According to the Order, Honeywell asserted that documents related to the “Mercedes-Benz Alpine navigation products” were responsive to its discovery requests.  Specifically, Honeywell requested documents related to products sold for importation as part of certain Mercedes-Benz vehicles and products imported into the U.S. for testing purposes.  In opposition, Alpine argued that the documents Honeywell sought were irrelevant to the investigation because they related to “a product that has not been released commercially” and “products that Alpine never imported for the sale in the United States.”  Alpine further argued that the documents were irrelevant because Honeywell was not seeking a general exclusion order nor a remedy against downstream products or parties other than Alpine.  The Commission Investigative Staff argued that the documents Honeywell sought were subject to discovery because certain products are “imported as part of assembled Mercedes-Benz vehicles and, thus might be considered as sold for importation” and other products are sufficiently close to completion to be relevant to the investigation.


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By Eric Schweibenz
|
May
21
On May 19, 2009, Chief ALJ Paul J. Luckern issued an Order granting complainant Gertrude Neumark Rothschild’s motion to consolidate Certain Light Emitting Diode Chips, Laser Diode Chips and Products Containing Same (Inv. No. 337-TA-674) and Certain Short-Wavelength Light Emitting Diodes, Laser Diodes and Products Containing Same (Inv. No. 337-TA-640).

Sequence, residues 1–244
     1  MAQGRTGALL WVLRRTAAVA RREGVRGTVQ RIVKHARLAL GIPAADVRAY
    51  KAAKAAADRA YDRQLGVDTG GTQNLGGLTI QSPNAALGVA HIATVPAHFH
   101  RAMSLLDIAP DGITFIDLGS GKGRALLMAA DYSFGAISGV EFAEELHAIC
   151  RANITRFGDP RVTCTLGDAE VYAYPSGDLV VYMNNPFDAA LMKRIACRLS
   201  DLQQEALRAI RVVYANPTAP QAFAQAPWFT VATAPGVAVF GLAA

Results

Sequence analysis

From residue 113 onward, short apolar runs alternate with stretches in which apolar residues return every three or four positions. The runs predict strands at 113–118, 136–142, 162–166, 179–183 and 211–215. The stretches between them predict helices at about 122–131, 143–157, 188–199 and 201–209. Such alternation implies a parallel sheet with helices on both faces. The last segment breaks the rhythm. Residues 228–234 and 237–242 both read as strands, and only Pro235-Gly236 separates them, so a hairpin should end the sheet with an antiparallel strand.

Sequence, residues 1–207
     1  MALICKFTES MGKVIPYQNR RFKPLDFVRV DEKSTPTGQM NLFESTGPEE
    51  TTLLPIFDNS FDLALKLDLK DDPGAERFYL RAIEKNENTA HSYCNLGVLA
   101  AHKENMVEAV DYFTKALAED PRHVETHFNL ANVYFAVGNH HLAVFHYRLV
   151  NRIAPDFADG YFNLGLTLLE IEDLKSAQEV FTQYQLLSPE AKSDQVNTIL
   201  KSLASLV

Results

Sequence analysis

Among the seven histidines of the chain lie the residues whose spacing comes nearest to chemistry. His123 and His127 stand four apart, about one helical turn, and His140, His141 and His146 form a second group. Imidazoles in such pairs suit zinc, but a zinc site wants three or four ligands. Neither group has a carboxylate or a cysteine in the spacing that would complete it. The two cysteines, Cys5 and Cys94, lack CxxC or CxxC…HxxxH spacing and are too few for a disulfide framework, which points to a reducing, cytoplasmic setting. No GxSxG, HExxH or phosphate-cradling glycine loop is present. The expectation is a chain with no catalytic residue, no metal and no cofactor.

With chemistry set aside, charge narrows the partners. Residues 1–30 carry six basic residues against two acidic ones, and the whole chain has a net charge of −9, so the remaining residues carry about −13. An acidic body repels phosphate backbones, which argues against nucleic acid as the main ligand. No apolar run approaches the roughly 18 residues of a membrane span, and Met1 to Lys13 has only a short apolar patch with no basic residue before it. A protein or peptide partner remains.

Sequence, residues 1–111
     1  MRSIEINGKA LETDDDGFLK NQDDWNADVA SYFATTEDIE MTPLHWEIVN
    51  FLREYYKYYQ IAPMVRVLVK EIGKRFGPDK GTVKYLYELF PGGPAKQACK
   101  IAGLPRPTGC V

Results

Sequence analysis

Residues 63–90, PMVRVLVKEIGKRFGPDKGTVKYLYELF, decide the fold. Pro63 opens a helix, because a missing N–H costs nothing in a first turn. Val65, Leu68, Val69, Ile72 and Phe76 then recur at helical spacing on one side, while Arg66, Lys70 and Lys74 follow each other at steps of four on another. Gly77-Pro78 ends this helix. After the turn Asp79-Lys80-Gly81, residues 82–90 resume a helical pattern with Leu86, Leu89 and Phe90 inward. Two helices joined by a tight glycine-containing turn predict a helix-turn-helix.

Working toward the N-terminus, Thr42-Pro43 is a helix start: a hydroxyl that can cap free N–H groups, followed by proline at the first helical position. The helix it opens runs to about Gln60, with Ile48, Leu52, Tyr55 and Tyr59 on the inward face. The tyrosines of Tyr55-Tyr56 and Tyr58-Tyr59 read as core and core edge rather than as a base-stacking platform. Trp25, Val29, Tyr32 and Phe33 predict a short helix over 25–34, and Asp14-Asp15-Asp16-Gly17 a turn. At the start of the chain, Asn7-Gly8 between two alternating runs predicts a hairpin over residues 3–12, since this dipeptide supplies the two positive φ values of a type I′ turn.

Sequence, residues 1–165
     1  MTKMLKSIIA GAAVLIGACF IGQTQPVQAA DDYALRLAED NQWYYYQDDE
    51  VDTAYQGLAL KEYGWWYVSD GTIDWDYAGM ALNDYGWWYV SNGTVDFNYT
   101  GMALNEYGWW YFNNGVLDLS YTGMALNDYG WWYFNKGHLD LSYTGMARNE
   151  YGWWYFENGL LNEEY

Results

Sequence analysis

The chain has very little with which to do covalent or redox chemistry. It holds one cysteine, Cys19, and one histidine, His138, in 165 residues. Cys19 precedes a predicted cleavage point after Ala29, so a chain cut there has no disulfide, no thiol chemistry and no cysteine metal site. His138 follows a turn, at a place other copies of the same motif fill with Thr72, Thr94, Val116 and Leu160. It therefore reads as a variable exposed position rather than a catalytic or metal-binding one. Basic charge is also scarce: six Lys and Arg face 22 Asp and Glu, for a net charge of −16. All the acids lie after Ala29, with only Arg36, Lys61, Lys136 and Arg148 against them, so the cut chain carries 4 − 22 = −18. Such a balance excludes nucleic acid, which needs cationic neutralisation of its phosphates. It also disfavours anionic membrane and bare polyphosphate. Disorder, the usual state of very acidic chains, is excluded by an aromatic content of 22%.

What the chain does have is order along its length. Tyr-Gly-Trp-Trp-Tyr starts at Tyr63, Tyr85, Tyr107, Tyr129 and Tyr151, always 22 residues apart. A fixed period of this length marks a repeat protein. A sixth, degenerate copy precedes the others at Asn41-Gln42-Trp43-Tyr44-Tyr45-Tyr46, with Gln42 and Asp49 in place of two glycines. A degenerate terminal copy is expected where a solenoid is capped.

ALJ Luckern determined that “both the 640 Investigation and the 674 Investigation involve the same complainant (as well as the same administrative law judge and staff attorney), the same allegations of domestic industry, the same asserted patent (U.S. Patent No. 5,252,499), and the same asserted claims (independent claim 10 and dependent claims 12, 13 and 16).”  Thus, in view of the overlap in factual and legal issues between the two investigations, ALJ Luckern found that the most efficient course was to consolidate the two investigations.  ALJ Luckern also determined that consolidation “would (i) conserve the parties’ and the Commission’s resources, (ii) avoid the need for two hearings, and (iii) avoid potentially difficult procedural and legal complications that could arise by having to determine whether and to what extent any rulings in the 640 Investigation could affect issues in the 674 Investigation if the investigations proceed on separate, independent tracks.”


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By Eric Schweibenz
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May
20
On May 20, 2009, UNeMed Corporation (“UNeMed”) of Omaha, Nebraska filed a complaint requesting that the ITC commence an investigation pursuant to section 337.

The complaint alleges that the following proposed respondents unlawfully import into the U.S. and sell within the U.S. after importation certain products falsely advertised as containing creatine ethyl ester:

  • Bodyonics, Ltd. of Hicksville, New York;

  • Engineered Sports Technology, Inc. of Oviedo, Florida;

  • Proviant Technologies, Inc. of Champaign, Illinois;

  • Controlled Labs of New Rochelle, New York;

  • NRG-X Labs. of Bentonville, Arkansas; and

  • San Corporation of Oxnard, California.


According to the complaint, UNeMed is the technology transfer entity of the University of Nebraska Medical Center (“UNMC”), and the exclusive licensee of patents filed and issued to the Board of Regents of the University of Nebraska on behalf of UNMC employees.  UNeMed’s portfolio includes U.S. Patent No. 6,897,334 and other U.S. patent applications (“UNMC IP”) relating to creatine ethyl ester used as a nutritional supplement and an anti-inflammatory.